Sunday, October 16, 2011


Tonight’s support was Sean Flinn and The Royal We who had travelled all the way from Portland, Oregon to accompany Herman Dune on their UK and European jaunt. A good match for the headliner, the four piece combined a downbeat folk-rock not unlike M. Ward (who Sean Flinn passingly resembles physically) with a more edgy, almost new wave rawness. Some of the earlier slower paced songs and then a broken guitar string didn’t help with the continuity but the final two songs – ‘Fossil Radio’ and ‘Patriot Heart’ were particularly impressive.

It’s four years since I’ve seen Herman Dune and they’ve not aged. By which I mean they still inhabit a bohemian midpoint between youth and maturity, between carefree and fucked up, where I find it impossible to put an age on either of the core members David-Ivar Herman Dune on guitar or Néman Herman Dune on drums. The white-washed brickwork and bare stage of Islington Mill suited them to a tee – nothing fancy and a blank canvas for their apparently effortlessly simple songs. But what the intimacy of tonight’s show highlighted was the effort and musical skills behind those songs as well as the deep love and appreciation felt by the crowd for the French band.

Performing here as a trio, the band played a set largely drawn from their last three albums with one foray into 2005’s “Not On Top” - plus a few (older? cover?) songs I didn’t recognise. Whatever era or album they were drawing on, the gig was a series of constant highlights: the infectious chug of ‘Pure Hearts’, Néman’s dexterous drumming or delicately funky bongo playing, the extended intense guitar solos for ‘Your Love is Gold’ or ‘The Long Long Run’ and an acoustic solo rendition of ‘Ah Hears Strange Moosic’ with the crowd providing the backing. From the latter onwards, the communal love for the band was tangible and vocal but it was taken to a higher level a few songs later with a celebratory sing-and-dance-a-long version of ‘I Wish I Could See You Soon’.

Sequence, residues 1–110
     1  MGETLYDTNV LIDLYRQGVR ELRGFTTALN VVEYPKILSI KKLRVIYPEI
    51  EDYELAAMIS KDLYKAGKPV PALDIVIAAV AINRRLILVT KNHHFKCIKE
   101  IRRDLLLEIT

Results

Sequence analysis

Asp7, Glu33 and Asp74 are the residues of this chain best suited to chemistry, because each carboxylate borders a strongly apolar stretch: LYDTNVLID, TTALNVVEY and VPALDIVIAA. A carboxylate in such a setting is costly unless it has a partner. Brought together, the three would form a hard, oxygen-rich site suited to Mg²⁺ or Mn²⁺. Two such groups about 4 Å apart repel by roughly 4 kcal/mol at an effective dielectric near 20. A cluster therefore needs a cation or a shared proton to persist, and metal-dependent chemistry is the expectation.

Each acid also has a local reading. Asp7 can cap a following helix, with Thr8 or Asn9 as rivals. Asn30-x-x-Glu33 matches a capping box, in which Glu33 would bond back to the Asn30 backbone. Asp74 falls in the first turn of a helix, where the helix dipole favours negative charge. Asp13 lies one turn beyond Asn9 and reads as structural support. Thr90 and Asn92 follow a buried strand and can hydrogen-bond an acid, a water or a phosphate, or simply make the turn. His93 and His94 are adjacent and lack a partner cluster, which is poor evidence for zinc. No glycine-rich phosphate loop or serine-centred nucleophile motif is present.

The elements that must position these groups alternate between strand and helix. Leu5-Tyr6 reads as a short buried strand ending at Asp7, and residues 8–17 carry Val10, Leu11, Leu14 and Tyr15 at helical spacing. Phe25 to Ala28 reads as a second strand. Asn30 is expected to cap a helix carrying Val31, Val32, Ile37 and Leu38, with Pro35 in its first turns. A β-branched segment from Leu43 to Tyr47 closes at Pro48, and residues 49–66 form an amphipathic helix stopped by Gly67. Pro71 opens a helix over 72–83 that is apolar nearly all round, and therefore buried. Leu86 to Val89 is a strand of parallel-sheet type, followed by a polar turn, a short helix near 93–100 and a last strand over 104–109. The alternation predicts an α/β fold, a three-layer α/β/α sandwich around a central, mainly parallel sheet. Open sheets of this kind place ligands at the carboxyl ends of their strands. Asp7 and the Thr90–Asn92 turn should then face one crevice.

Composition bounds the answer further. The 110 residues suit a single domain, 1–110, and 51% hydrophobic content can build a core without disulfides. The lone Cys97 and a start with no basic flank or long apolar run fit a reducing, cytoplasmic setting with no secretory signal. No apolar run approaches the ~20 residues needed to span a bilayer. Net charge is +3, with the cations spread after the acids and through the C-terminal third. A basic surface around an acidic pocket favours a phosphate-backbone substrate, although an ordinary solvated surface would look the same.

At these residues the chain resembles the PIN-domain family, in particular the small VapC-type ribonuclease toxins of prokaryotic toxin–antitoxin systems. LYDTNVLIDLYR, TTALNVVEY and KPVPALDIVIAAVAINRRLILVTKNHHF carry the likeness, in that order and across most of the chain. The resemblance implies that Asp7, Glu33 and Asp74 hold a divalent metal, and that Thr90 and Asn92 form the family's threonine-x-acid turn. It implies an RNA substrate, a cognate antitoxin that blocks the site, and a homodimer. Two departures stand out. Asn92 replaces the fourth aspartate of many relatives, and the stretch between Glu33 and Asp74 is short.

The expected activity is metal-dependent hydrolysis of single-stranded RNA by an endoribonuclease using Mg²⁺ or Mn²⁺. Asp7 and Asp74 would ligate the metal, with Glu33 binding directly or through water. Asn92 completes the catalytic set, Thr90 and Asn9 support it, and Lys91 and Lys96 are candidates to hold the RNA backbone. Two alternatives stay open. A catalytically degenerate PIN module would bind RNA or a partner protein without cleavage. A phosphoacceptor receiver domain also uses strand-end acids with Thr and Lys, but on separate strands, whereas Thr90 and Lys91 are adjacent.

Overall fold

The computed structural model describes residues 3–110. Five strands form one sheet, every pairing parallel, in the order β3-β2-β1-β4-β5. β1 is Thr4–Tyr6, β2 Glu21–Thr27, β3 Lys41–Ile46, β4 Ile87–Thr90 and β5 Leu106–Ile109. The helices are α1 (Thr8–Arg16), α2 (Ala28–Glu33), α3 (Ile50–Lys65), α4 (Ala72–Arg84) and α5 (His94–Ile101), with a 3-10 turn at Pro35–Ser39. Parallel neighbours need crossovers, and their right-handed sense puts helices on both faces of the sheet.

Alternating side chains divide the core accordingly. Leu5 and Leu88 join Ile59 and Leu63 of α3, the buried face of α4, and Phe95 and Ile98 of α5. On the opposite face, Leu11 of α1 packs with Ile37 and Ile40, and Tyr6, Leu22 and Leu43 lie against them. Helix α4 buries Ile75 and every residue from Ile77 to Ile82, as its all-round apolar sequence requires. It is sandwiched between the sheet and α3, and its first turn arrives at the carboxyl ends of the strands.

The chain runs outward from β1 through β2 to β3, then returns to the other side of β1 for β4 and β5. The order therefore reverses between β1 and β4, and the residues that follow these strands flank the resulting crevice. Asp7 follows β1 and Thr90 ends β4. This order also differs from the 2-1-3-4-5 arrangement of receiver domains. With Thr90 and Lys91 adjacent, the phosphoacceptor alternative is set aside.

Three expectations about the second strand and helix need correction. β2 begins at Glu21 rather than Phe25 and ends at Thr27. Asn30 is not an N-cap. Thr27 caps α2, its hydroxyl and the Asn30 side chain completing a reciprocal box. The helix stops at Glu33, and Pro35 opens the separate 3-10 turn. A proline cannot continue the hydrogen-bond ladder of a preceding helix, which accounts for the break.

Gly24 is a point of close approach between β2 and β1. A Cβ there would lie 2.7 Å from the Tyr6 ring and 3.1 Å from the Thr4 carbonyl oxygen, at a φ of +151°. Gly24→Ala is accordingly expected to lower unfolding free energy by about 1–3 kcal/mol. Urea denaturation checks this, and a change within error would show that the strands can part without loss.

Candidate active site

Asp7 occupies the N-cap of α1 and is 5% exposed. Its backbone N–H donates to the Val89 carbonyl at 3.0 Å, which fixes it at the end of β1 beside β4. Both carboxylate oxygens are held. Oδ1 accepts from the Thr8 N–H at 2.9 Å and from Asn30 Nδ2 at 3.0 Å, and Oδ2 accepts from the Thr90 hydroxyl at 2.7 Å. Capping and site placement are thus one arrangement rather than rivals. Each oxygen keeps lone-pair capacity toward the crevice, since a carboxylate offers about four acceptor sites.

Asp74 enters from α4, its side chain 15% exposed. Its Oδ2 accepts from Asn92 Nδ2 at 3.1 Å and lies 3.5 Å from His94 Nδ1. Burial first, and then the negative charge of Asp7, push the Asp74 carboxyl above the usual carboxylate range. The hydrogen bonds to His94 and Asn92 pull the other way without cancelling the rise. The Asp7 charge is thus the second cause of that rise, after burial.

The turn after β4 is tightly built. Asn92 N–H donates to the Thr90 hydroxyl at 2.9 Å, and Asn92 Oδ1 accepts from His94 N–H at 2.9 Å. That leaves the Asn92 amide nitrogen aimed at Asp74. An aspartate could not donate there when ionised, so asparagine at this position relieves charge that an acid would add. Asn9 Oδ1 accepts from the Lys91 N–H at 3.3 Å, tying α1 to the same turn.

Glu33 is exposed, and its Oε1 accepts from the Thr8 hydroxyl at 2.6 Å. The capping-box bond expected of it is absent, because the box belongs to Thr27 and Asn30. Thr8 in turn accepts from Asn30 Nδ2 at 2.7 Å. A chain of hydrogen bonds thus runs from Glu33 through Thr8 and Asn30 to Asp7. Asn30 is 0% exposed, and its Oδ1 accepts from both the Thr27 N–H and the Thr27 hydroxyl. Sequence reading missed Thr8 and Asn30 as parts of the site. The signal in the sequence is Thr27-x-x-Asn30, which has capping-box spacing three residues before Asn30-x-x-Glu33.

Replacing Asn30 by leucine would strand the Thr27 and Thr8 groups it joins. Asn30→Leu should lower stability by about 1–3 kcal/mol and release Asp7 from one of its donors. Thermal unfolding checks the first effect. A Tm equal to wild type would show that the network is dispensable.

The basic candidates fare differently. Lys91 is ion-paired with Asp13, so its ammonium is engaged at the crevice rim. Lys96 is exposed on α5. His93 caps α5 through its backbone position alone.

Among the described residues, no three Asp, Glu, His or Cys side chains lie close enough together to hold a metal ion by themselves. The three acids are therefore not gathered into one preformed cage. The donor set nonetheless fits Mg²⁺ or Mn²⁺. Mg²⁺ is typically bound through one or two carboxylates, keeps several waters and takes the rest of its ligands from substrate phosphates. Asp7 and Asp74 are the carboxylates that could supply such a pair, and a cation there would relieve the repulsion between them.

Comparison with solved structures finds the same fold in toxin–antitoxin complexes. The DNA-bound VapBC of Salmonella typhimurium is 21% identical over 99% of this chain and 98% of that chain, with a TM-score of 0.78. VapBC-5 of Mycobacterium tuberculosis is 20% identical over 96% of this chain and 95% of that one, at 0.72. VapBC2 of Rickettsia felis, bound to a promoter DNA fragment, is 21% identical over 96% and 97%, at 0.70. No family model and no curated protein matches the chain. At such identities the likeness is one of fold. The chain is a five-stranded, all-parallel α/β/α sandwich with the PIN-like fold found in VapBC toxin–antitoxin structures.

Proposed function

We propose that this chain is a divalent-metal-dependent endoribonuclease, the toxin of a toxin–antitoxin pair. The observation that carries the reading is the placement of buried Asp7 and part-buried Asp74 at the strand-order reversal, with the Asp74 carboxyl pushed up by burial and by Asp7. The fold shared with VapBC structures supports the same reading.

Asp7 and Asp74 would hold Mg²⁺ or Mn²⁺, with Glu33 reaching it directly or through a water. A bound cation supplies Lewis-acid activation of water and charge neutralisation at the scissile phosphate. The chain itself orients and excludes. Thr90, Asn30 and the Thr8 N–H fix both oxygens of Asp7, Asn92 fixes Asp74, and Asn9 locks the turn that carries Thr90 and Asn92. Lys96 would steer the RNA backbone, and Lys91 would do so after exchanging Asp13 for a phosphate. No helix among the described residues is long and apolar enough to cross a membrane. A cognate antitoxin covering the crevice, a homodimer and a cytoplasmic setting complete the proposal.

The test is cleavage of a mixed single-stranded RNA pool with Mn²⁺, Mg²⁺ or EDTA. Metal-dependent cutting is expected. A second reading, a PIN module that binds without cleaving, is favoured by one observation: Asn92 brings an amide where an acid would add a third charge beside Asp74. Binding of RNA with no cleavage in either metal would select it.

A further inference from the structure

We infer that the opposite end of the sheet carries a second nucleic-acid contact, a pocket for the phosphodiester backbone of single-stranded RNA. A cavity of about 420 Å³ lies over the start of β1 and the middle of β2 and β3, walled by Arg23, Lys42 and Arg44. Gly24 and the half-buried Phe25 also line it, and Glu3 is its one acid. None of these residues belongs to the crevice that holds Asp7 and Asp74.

David talked of his love of Manchester – buying Northern Soul records or going on a Smiths pilgrimage to Salford Lads Club on previous visits – but the band’s main focus was on playing not talking: a hot and sweaty set that, including encores, was close to an hour and three quarters long. The final song of the main set was a near seven minute version of ‘When The Water Gets Cold And Freezes On The Lake’ – showing even songs about mortality can be life-affirming – then two solo songs performed unplugged on banjolele – a cover of ‘Blue Moon’ and ‘I'd Rather Walk Than Run’. A joy thoroughout – and undoubtedly one of my gigs of the year.

The (Partial) Set List:

Lay Your Head On My Chest
My Home Is Nowhere Without You
Pure Hearts
Tell Me Something I Don’t Know
Your Love Is Gold
Not On Top
Ah Hear Strange Moosic
[Once a Friend Once a Beggar?]
I Wish I Could See You Soon
123 Apple Tree
In The Long Long Run
The Rock
Be A Doll And Take My Hand
When The Water Gets Cold And Freezes On The Lake
Blue Moon
I'd Rather Walk Than Run

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